AI in Disaster Management: AI’s Role in Disaster Risk Reduction

Disaster Prediction
Source: Shutterstock/metamorworks
Table of Contents

Artificial intelligence (AI), with a focus on machine learning (ML), is increasingly assuming a vital role in disaster risk reduction (DRR). It encompasses various aspects such as predicting extreme events, developing hazard maps, real-time event detection, providing situational awareness, facilitating decision support, and more.

With AI’s growing presence in this domain, it raises numerous inquiries: What possibilities does AI in disaster management bring forth? What obstacles do we face? How can we tackle these challenges and capitalize on the opportunities?

Furthermore, how can we employ AI to furnish crucial information to policymakers, stakeholders, and the public, all aimed at minimizing disaster risks?

To fully tap into the power of AI for DRR and create a robust strategy, it is crucial to closely examine these questions and cultivate collaborations that propel AI in DRR to unprecedented levels.

Video source: YouTube/Complex AI

The Use of AI in Disaster Management

Given the growing instability of our climate and the rising occurrence of natural disasters, the contribution of AI in disaster management is not merely advantageous – it is indispensable. The AI application in forecasting, mitigating, and responding to disasters has brought significant changes. 

AI’s capacity to analyze large volumes of data, identify trends, and generate forecasts has been used to predict a range of natural disasters, including hurricanes and wildfires.

In the following sections, we will take a closer look at how AI is used in disaster management, spotlighting particular instances that underscore this technology’s potential.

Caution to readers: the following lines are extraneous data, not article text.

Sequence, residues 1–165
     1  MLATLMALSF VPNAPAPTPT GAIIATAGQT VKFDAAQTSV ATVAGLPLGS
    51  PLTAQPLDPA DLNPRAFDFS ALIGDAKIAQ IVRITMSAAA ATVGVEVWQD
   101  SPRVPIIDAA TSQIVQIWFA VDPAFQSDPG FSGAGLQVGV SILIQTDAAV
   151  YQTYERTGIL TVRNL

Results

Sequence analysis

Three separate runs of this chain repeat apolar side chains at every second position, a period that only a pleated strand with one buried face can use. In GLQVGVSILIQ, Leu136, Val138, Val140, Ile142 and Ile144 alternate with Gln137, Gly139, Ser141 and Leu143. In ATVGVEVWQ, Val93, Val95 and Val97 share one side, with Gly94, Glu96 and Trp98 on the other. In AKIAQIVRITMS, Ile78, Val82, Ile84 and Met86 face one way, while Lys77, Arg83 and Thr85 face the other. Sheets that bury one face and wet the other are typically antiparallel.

Disaster Prediction

One of the most compelling applications of AI in disaster management lies in seismology, where it is being used to predict one of the most devastating natural disasters known to humankind: earthquakes.

For example, the Stanford Earthquake Detecting System (STEDS), an AI model developed by Stanford researchers, was developed for earthquake prediction to identify minor quakes often overlooked by conventional methods.

These small tremors offer crucial data about a region’s seismic activity, aiding in forecasting larger, more destructive earthquakes. STEDS’ success underscores AI’s capacity in disaster prediction and sets a framework for its use in predicting various natural disasters. 

Disaster Prevention

AI has emerged as a crucial ally in disaster prevention, acting as a vigilant guardian that continuously observes a wide range of elements, from subtle shifts in weather patterns to changes in geological formations, to anticipate potential disasters.

This enables the implementation of proactive strategies, such as evacuating populations from areas predicted to be affected by hurricanes or strengthening infrastructure in earthquake-prone regions.

A notable example of AI’s application in disaster prevention is Google’s flood forecasting system, currently operational in Bangladesh and India.

The system employs a blend of computational hydrology and ML to model the flow of water across the landscape, considering factors like terrain and historical flood data. Subsequently, it produces maps and alerts shared with local communities and authorities, granting them vital time to prepare and respond.

Video source: YouTube/Google

Disaster Response

In the face of escalating natural disasters, the need for swift and effective responses is critical. In that sense, AI, with its ability to process vast data rapidly and accurately is turning it from a traditionally reactive process to a proactive, data-driven approach.

IBM’s PAIRS Geoscope, a unique cloud-based geospatial analytics system, exemplifies this. It uses AI to analyze satellite images and assess disaster damage.

This real-time information allows disaster response teams to prioritize areas needing immediate attention and plan accordingly, significantly improving their efficiency and effectiveness. The system also aids in recovery planning by identifying areas at risk of future disasters. 

Advantages of AI in Disaster Management

AI has become an indispensable asset in disaster management, especially in light of the increasing frequency and ferocity of natural disasters attributed to climate change.

The advantages of AI in disaster management are diverse, spanning from the enhancement of early warning systems to support post-disaster recovery.